SMALL breweries are facing a “perfect storm” of financial challenges and must be provided with further support to ensure their survival, an SNP MP has insisted.

Owen Thompson, the party’s chief whip, is set to lead a debate on reforming Small Brewers Relief next Tuesday. He said independent firms are grappling with not only soaring energy prices but a fall in sales with people choosing to sacrifice going to the pub as their incomes are squeezed.

With many having only just found their feet again following the pandemic, the Society of Independent Brewers (Siba) has said brewers are facing energy bill increases of up to 400%.

They said many will not survive the winter “without immediate action such as an energy cap for businesses and relief similar to that provided to other heavy energy users”.

The Small Brewers’ Relief scheme – first introduced in 2002 – allows smaller brewers to pay less tax, which helps compensate for the economies of scale enjoyed by larger brewers. Tax relief also makes the beer market more competitive, increasing consumer choice at the bar.

Thompson said: “The pressure of energy prices is just going off the charts and brewing is an energy-intensive process.

“We’ve got local businesses which are at the point of trying to renew their energy supplies and can get no guarantee of what it’s going to cost. There are no deals currently being offered.

“We need to increase the discount that these small brewers get on beer duty. When you’re talking about overall tax take for the Treasury, it’s not a massive proportion of it but it would make a big difference to small producers that are facing so many other costs if the cost per unit they were having to put to the Treasury went down.”

The owners of Stewart’s Brewing in Midlothian – which Thompson visited this week – have admitted running the company has “never been more challenging”.

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They have called for an imminent energy support policy for SMEs (small and medium-sized enterprises), beer duty reform measures, and a re-think of the “massively costly” Deposit Return Scheme (DRS) system.

The DRS – where customers pay a small deposit which is refunded if they return their empty single-use bottle to the retailer to be recycled – is not being introduced in Scotland until next year, but brewers are having to prepare now and it is thought it will have a disproportionate effect on smaller operations.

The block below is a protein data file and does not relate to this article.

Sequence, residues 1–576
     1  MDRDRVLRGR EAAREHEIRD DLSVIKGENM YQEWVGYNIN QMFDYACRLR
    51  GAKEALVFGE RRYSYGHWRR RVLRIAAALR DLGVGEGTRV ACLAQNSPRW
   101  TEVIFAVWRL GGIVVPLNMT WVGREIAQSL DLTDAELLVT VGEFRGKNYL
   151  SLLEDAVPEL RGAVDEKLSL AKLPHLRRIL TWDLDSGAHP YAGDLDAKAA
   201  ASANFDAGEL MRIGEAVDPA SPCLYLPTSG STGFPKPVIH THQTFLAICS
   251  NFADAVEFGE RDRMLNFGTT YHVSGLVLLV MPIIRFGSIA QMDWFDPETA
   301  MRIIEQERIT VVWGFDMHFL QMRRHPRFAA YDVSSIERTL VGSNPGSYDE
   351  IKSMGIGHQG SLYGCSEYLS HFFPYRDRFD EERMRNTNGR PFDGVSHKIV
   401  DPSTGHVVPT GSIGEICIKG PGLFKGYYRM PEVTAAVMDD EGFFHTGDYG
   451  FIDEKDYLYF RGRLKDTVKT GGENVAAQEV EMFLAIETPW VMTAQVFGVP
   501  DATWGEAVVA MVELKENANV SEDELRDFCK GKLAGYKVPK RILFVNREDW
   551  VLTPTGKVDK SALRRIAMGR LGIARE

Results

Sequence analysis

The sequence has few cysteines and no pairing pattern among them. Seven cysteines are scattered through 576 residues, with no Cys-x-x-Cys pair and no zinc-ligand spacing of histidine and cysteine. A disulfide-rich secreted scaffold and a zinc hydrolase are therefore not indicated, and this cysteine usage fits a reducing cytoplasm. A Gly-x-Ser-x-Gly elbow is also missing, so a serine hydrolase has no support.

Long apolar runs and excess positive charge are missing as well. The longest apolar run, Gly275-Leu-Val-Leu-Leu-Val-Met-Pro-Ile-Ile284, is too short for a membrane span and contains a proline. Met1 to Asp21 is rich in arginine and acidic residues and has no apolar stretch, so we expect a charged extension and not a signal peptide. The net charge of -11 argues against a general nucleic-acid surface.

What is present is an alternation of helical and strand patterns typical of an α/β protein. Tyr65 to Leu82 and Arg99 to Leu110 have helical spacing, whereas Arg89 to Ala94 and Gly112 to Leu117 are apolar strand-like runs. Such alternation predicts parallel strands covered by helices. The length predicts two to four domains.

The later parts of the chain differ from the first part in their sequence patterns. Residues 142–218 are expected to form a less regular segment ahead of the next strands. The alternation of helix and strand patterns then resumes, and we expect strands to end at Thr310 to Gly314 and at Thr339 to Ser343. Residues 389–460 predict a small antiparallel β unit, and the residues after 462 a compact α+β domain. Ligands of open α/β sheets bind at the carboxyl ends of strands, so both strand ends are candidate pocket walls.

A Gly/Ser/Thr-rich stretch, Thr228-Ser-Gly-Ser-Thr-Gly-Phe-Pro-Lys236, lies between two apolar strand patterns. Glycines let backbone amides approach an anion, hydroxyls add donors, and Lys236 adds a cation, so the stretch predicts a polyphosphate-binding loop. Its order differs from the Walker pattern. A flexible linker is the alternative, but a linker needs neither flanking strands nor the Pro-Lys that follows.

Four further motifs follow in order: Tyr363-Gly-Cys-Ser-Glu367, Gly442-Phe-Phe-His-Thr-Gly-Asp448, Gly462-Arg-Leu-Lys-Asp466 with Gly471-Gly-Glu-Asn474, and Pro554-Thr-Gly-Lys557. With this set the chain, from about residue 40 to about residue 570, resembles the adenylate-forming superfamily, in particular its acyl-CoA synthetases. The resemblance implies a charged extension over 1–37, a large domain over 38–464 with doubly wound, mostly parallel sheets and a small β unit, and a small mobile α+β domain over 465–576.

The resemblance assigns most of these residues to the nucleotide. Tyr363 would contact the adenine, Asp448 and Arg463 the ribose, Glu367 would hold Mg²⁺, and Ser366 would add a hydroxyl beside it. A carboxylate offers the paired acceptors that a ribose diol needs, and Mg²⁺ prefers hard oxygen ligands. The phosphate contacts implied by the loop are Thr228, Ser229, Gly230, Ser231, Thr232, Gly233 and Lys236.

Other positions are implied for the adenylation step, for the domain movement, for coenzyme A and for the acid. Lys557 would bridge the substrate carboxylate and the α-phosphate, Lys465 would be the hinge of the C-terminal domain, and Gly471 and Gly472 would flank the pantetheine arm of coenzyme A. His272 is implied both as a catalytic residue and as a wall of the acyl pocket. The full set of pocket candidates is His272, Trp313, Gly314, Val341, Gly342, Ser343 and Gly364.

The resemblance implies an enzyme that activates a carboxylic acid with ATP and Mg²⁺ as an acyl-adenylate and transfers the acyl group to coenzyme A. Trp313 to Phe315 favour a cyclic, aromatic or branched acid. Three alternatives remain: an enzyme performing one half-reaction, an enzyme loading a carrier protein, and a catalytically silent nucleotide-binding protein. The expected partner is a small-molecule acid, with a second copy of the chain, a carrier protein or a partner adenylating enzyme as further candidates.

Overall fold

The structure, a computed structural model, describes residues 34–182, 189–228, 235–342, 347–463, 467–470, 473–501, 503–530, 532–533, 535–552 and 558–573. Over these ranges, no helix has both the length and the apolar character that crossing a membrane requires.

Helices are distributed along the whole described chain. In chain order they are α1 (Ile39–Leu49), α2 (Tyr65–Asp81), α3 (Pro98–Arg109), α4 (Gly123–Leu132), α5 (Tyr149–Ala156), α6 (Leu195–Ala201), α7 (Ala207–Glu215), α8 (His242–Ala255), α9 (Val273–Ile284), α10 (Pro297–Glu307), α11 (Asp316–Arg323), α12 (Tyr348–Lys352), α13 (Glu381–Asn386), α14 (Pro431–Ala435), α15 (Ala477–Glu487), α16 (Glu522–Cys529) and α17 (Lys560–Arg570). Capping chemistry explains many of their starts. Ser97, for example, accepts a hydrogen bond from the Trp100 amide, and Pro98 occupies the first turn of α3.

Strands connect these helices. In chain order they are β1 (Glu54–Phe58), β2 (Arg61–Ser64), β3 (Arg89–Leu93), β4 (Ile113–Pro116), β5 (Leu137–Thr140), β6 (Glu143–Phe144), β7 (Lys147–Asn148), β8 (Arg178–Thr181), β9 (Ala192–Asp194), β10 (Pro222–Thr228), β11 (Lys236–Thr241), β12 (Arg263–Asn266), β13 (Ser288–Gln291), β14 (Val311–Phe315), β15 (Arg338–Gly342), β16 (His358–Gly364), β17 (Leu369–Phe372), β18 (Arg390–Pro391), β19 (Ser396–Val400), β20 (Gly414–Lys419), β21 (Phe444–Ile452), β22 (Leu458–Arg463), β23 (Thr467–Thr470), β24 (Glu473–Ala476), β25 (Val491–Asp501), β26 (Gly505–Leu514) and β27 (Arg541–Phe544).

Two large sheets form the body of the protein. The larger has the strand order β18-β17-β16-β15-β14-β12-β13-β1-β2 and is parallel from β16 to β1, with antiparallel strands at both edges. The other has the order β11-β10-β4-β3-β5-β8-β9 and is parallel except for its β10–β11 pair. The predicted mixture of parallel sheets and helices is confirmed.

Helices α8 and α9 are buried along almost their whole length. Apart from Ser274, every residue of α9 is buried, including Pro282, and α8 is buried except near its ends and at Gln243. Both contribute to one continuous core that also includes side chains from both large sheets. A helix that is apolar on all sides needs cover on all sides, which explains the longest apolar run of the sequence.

The National: Owen Thompson (centre) looks at how beer is made with Jo and Steve Stewart at Stewart Brewing in MidlothianOwen Thompson (centre) looks at how beer is made with Jo and Steve Stewart at Stewart Brewing in Midlothian

Co-owner Steve Stewart said: "Never before has running a craft brewery been so challenging, and progress on these key measures will help contribute to a strong and sustainable independent brewing sector.

"It was a great pleasure to show Owen Thompson around the brewery. He clearly has interest and the desire to support the craft brewing industry, and we are very grateful for his continuing support over the years throughout multiple crises.

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"We are hopeful that Owen’s representation of local breweries concerns will help quickly bring forth successful outcomes for an imminent energy support policy for SME businesses, a pause and re-think of the currently unworkable and massively costly DRS system, and success in beer duty reform measures.”

Independent brewers – of which there are more than 100 in Scotland – wrote a letter to Chancellor Nadhim Zahawi this week calling for urgent government intervention, highlighting additional struggles such as a poor hop harvest and shortages of equipment like kegs and CO2 gas.

Pub operators have also said they are up against it financially. There are reports some energy suppliers are refusing to offer new contracts to the sector because they fear pubs may not be able to pay their bills.

More than 35% of operators said they had seen their utility costs double while 30% said their costs had tripled in a survey by the Morning Advertiser. Almost three-quarters of respondents said they would not be able to afford the increases.

Barry Watts, Siba head of public affairs, said: “Independent brewers have been put into a holding pattern by the Government as we wait for a new prime minister, but they are running on empty and need urgent support to make it through the winter.

“Independent brewers are facing skyrocketing energy bills with increases up to 400% which is placing businesses and jobs at risk, and sadly many will simply not survive without immediate action such as an energy cap for businesses and relief similar to that provided to other heavy energy users.

“Brewers also desperately need clarity on the alcohol duty system, especially the future of Small Breweries’ Relief which the Treasury has been considering for four years, creating an atmosphere of uncertainty for small businesses trying to survive the pandemic and current challenging trading conditions.

“We hope that the Government can deliver on the promised positive changes such as the new draught duty rate which could provide a boost for community pubs and small independent brewers.”